Coronavirus and Your Portfolio: Part 3
Last week I tried to put the market issues surrounding the virus and the virus itself into context. While I am sure that several thousand will die as a result before this is over, context shows that in the United States alone, the 2017-18 flu season saw 80,000 deaths and 2018-19 wasn’t much kinder with 60,000 deaths.
Yet even in context, this is a big deal for China, for both its internal politics and its economy. I truly doubt they bounce back quickly, but they will bounce back. The same is true about the after-effects of the virus on the rest of the world.
What, then, should you do with your investments? Pretty much nothing. Well, not unless your investments were messed up to start with. If you are saying to yourself, “But I have to do something; I can’t stand to see my portfolio take a 10% (or 20%, or 30%) loss,” then I can tell you that your investments were messed up to start with.
That’s because what the markets are doing and will do is quite natural to them. If new information becomes available (like a virus), then it will either go up or go down depending on whether the composite thoughts of investors think that the new information is good or bad.
The market(s) are always reacting. That is a given. Sometimes those reactions are large, sometimes they are violent, and sometimes they last a while. It’s pretty hard to get in front of because you don’t know what is going to happen next.
What I can tell you is that if you can’t stand for your portfolio to take a significant loss, then your portfolio is not right for you. Either the problem is concrete (you’ve got your kid’s college money all in the stock market and they are a senior in high school) or imaginary (you believe that if you don’t sell out now you will lose all of your money). Both are indeed problems, but not problems because of the crisis du jour, they are problems in matching your portfolio allocation mix to your needs and your psychological tolerance for risk.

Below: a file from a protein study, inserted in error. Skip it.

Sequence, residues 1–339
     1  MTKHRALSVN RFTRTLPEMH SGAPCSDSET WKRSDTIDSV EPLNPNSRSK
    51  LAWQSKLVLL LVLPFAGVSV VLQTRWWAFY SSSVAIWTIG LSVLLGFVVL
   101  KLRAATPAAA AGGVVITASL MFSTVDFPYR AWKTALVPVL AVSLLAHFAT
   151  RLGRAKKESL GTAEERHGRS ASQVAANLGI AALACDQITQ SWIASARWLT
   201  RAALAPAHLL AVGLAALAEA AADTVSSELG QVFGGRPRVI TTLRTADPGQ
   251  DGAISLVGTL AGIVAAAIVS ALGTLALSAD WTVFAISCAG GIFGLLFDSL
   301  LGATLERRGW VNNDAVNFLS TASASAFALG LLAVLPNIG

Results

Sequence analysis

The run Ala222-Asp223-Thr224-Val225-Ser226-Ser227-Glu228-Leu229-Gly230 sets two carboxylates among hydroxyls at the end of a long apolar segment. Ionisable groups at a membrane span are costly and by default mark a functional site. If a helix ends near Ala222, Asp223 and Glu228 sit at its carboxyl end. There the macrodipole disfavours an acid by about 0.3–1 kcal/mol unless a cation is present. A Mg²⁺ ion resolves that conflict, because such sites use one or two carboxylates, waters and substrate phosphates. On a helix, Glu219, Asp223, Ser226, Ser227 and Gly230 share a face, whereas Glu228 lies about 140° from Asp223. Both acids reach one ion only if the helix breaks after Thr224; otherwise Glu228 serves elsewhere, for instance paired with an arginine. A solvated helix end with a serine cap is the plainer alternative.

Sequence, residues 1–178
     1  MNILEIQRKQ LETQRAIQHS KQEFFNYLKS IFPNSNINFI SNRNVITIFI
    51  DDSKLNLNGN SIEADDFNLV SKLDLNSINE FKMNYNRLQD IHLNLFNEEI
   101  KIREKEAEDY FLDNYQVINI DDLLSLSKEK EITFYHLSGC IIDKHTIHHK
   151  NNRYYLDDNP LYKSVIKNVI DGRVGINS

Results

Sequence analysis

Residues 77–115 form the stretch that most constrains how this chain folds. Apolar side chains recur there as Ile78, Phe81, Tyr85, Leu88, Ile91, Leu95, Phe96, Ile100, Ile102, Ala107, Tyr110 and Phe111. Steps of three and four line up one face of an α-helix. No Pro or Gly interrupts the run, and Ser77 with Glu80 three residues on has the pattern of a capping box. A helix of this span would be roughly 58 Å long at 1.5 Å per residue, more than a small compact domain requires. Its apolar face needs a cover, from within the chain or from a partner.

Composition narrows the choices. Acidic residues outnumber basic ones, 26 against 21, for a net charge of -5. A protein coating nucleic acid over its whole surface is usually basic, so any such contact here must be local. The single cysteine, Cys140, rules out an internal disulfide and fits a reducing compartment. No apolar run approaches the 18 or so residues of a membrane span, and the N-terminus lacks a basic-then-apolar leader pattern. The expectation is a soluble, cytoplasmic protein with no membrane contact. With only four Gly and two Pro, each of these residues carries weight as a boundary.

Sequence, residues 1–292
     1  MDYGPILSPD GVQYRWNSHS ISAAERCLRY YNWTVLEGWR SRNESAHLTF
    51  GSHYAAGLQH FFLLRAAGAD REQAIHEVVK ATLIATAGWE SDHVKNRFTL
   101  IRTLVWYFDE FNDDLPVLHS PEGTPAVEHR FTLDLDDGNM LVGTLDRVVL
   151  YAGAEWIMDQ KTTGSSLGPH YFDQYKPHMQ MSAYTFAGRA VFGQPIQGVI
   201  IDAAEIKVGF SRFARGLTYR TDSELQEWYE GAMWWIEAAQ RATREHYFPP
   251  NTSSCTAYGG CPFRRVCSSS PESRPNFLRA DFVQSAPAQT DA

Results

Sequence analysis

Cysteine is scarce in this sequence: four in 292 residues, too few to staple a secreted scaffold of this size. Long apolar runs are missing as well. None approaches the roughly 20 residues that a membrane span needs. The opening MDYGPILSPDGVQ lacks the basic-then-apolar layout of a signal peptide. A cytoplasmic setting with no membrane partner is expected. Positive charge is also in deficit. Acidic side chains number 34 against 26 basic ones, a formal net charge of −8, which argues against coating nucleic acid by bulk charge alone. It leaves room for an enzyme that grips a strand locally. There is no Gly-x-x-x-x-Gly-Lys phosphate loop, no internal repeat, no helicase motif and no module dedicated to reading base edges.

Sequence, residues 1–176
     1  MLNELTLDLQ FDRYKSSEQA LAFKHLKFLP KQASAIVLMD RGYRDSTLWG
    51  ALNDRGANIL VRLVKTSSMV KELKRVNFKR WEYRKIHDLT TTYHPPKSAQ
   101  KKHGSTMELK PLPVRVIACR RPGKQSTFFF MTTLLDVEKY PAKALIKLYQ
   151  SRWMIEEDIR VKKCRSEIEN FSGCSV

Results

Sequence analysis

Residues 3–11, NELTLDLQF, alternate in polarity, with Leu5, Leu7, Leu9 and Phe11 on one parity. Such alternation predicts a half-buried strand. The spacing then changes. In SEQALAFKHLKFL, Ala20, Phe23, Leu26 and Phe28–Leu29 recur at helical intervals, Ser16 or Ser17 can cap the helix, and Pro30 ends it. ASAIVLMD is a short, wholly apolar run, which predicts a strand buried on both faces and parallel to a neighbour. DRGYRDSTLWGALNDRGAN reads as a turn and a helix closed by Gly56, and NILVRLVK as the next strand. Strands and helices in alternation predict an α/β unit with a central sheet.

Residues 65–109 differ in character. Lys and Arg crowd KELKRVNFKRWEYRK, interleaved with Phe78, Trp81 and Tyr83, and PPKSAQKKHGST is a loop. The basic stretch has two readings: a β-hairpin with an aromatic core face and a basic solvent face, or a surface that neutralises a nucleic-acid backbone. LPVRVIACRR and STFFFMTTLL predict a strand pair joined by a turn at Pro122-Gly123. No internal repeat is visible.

It’s not like I haven’t mentioned this before.
One thing that is new is that there are a lot of bad players making good on this virus through scams and such. That there are scams is not new…the are just onto a new topic to scare you into doing something that is good for them and not for you.
The SEC issued a warning that there are a number of Internet promotions, including on social media, claiming that certain companies’ stocks are going to soar as they have a cure to the virus in the works. These are a form of “pump and dump” where the writer owns the stock and is trying to get you to buy it causing the price to go up so they can sell it at a profit.
You’ve been warned.
Gary Silverman, CFP® is the founder of Personal Money Planning, LLC, a Wichita Falls retirement planning and investment management firm and author of Real World Investing.